promoting the sustainable and responsible use of cobalt in all forms

Environmental Science

Cobalt is a naturally occurring element in the earth’s crust (at around 20-30 parts per million (mg/kg); the 32nd most abundant element) and as a consequence cobalt substances are naturally and ubiquitously present in the air, soil, sediments and water.

In addition, because of worldwide use, cobalt can be released into the environment as a result of man’s activities.

Whilst cobalt is an essential element for most forms of life, at high enough concentrations it can have adverse effects. As part of promoting the responsible use of cobalt, the Cobalt Institute (CI) has conducted research to characterise environmental exposures and possible effects of cobalt to a range of organisms that inhabit waters, sediments and soils. This information is used to identify “safe” environmental concentrations and to inform industry and regulatory authorities about the acceptable uses of cobalt in the materials and products that we use in our daily lives.

Whilst cobalt is an essential element for most forms of life, at high enough concentrations it can have adverse effects.

One of the key factors determining the effects of cobalt in the environment is the availability of cobalt to be taken up into the bodies of organisms. A variety of factors can affect the ‘bioavailability’ of cobalt and many of these factors are associated with the physico-chemical characteristics of the environmental medium (e.g. pH, water hardness, and concentrations of organic matter). The CI has investigated the role of various physico-chemical parameters on cobalt bioavailability and their effect on cobalt toxicity and this information has been used to develop computer-based models to allow us to predict the roles of those parameters on the toxicity of cobalt under realistic environmental conditions.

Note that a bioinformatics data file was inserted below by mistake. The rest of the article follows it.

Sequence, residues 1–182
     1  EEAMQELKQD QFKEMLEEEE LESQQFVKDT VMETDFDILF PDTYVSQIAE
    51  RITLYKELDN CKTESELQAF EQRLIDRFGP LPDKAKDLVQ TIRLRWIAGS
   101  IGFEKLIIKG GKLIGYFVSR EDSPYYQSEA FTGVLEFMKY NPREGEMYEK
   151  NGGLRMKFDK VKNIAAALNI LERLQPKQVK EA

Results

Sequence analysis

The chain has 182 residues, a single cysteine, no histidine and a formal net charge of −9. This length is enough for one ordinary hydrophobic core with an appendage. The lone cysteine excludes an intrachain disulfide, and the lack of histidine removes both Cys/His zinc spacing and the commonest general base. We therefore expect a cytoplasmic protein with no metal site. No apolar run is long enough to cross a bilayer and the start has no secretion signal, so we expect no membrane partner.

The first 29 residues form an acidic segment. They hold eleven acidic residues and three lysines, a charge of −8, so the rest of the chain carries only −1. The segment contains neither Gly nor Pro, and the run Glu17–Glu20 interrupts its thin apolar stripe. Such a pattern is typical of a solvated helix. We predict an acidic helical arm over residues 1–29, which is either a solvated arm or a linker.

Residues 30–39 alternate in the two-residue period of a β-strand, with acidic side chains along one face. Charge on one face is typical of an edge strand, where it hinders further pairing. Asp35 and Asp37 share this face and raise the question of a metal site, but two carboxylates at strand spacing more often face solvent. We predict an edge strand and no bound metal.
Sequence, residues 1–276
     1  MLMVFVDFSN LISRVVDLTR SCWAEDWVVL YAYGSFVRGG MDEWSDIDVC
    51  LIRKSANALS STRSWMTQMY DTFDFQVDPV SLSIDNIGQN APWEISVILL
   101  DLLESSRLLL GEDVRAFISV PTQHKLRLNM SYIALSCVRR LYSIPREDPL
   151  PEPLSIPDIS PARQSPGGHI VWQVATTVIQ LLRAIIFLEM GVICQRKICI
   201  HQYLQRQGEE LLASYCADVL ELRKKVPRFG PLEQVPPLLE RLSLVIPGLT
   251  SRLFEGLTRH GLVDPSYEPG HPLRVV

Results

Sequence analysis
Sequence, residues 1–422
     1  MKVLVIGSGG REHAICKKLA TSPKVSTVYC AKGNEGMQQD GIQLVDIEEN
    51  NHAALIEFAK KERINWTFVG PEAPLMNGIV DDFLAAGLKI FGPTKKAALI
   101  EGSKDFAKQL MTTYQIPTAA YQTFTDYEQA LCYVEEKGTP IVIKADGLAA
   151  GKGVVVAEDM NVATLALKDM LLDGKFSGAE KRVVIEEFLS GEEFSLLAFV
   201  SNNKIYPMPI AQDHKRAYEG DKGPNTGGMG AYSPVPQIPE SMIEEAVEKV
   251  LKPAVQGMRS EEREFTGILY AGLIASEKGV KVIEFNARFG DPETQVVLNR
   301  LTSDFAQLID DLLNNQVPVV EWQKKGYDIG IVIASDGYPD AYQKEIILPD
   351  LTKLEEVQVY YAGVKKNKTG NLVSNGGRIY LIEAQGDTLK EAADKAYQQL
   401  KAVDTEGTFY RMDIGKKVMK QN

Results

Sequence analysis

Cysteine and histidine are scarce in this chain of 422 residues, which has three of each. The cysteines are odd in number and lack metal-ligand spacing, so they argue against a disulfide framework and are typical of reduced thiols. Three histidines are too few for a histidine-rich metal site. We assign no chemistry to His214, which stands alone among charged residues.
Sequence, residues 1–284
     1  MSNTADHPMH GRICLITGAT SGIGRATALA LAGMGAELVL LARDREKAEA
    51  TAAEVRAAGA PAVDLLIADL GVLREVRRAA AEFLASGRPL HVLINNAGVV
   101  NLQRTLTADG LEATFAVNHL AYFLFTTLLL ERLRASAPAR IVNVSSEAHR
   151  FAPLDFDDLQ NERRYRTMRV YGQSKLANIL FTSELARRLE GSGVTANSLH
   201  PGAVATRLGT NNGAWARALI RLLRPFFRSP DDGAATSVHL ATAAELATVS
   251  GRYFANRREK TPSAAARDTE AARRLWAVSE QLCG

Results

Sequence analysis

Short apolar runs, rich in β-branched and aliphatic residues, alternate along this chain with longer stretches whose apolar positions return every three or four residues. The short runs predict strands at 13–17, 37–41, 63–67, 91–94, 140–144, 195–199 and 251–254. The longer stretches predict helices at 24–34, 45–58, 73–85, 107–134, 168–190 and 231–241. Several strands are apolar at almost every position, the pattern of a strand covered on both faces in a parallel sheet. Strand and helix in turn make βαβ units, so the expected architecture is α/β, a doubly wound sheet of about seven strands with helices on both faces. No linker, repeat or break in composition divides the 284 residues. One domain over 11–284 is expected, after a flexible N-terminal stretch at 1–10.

DISCLAIMER

This summary is intended to provide general information about the topic under consideration. It does not constitute a complete or comprehensive analysis, and reflects the state of knowledge and information at the time of its preparation. This summary should not be relied upon to treat or address health, environmental, or other conditions.